I Interviewed at K-Mart
My name is Megan Snider and when I moved with my family from Iowa to the small town of Centre, Ala., I decided to waste no time looking for a job.
My money from my previous job, working as a cashier the year prior, had all but dried up. Based on my experiences, I decided to look for another retail job. There weren't many choices in town; basically my options came down to working at either Walmart or K-Mart. Having previously worked at Walmart, I opted for a change and decided to apply to K-Mart.
Customer service experience
I obtained my application from the customer service area and rushed home to fill it out. The form asked for all the essential information, including my work experience, special skills, age, residence and latest stint of school completed. After finishing this, I returned the application to the store and waited patiently for a call. I was worried about most of my references being located in Iowa, but I knew that my experience with Walmart would give me a beneficial boost in the dazzling world of retail.
About a week later I received a call from the personnel office, inquiring if I could come in for an interview. I eagerly agreed and a date was set. I was not familiar with K-Mart's interviewing techniques, but I knew that Walmart had a rigorous process concerning ethical and customer considerations, so I assumed an interview with K-Mart would be similar.
As I prepared for my interview, I thought back to my Walmart days. I recalled my interview at the retail giant, remembering the specifics regarding how various interviewers had responded to particular answers I had given. I also thought back to the training I had to undergo, in order to prepare me to deal with inventory management and customers.
I though especially about those elements of the training that related to customer service, such as the rules about smiling and engaging customers and staff alike and -- most importantly -- the ever-present rule to please each and every customer. I kept all of these details in the forefront of my mind as I prepared for my coming interview. If faced with the same sort of job interview today, I would prepare in much the same fashion.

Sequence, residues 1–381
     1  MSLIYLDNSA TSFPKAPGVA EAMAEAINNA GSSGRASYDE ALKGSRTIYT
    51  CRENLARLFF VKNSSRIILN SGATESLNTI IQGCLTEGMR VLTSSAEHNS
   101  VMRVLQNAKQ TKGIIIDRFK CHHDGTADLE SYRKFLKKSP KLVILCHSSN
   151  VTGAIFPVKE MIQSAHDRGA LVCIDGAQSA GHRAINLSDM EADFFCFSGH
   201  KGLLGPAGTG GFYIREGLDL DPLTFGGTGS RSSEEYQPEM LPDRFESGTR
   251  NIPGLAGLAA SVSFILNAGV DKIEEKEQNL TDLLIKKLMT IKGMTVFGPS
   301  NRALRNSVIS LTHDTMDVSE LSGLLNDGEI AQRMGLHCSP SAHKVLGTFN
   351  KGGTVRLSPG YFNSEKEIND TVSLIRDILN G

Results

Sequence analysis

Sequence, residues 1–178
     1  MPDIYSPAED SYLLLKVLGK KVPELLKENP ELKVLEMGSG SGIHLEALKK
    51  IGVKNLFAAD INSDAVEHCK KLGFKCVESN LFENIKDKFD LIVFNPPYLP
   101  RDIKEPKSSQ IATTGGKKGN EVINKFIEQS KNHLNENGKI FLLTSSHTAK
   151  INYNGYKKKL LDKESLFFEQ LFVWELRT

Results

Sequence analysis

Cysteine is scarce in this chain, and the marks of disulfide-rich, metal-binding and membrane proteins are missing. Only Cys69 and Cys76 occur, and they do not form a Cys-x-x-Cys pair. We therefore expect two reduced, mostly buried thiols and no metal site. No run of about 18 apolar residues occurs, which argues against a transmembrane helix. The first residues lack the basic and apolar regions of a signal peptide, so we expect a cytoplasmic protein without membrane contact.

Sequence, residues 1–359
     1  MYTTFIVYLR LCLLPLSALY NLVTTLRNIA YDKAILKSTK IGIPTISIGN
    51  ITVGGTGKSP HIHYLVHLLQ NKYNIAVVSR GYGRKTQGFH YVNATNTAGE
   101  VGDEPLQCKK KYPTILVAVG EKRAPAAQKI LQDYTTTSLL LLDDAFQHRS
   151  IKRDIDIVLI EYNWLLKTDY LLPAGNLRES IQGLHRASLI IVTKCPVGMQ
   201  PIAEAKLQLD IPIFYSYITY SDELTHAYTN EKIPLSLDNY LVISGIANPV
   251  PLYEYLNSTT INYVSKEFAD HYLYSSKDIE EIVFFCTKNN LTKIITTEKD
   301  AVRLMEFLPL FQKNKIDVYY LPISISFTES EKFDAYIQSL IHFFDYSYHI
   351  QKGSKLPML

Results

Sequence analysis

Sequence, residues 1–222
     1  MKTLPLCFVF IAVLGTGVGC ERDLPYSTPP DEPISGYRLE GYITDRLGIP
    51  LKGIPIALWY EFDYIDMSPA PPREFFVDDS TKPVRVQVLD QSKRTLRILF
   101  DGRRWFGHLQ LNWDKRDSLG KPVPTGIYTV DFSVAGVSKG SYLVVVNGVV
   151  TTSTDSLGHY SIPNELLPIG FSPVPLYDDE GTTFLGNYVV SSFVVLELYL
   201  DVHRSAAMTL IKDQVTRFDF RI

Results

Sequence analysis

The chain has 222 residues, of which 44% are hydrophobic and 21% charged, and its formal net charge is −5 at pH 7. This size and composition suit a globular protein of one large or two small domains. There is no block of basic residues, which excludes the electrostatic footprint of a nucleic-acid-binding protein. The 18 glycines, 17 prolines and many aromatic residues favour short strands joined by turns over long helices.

A two-part interview
For the interview I dressed conservatively in professional attire. I wore a pair of black dress pants with a suit top, and a pastel blue shell underneath. I did not wear any jewelry, and finished my ensemble with a pair of respectable black dress shoes. Just because the job was in retail, it did not mean that the employers didn't hold their potential employees to high standards. I dressed to impress and leave an impression on my potential future employers.
The interview process surprised me because it was broken into two sections. First I met with the personnel manager for the store. The store manager was not present for my interview, although I met her later. The first portion of the interview consisted of verbal questions. It began with pleasantries such as what life was like back in Iowa.
The questions soon shifted to my previous employment history, as the personnel manager ascertained my background and experience. She focused on my familiarity with the specifics of how chain stores operate, as well as my experience handling interpersonal interactions with customers and co-workers alike, as well as my overall attitude toward working with the public. Then she took down my tax information and scanned the two forms of ID I was asked to bring to the interview.
After the question-and-answer portion of the interview I was brought to the employee break room for a written test. The test was several pages long and included numerous ethical and business scenarios, and gauged my reactions through multiple-choice answers. Questions included:
You are working in the housewares department. A customer needs help in sporting goods. What do you do?
A. Page an employee from sporting goods.
B. Help the customer yourself.
C. Direct the customer to the sporting goods section.
It was quite grueling, taking over an hour to complete, but nothing that a little common sense and customer-service knowledge couldn't guide you through. The biggest problem I had was becoming fatigued as the test extended on. You had to take the test in one sitting and could not leave the break room. I and some other hopeful future employees also taking the test had been instructed not to talk to one another during the test and to take our time.
Hired -- on the spot
After the test, I met with the personnel manager again who informed me I was hired, and would be working in the concession area of the store. The K-Mart featured a small Little Caesar's pizza shop, which was currently short-handed. I had never worked in the food industry, but before I knew it it, I was being led out to the kitchen. Their intention was to have me work my first night shift immediately!
I was rushed through the basics of running a cash register, stretching dough and slowly compiling the toppings of a pizza. After a quick overview, I was off and running! From then on, I worked various positions within the Little Caesar's area of the store. We were stretched for help, and out of necessity I learned my new trade quickly.
I spent three years with K-Mart, working in the Little Caesar's and occasionally running errands inside the store. My advice to anyone who is looking for a job in retail is to go for it. Just remember that retail is a customer-oriented and detailed line of business. In any interview for a retail position, always put the customer first. Use common sense on tests and choose a response that proves that you always put the customer first, no matter what. Highlight your leadership abilities, your talent for making the customer feel important, and successful relations with co-workers, and you should go far!
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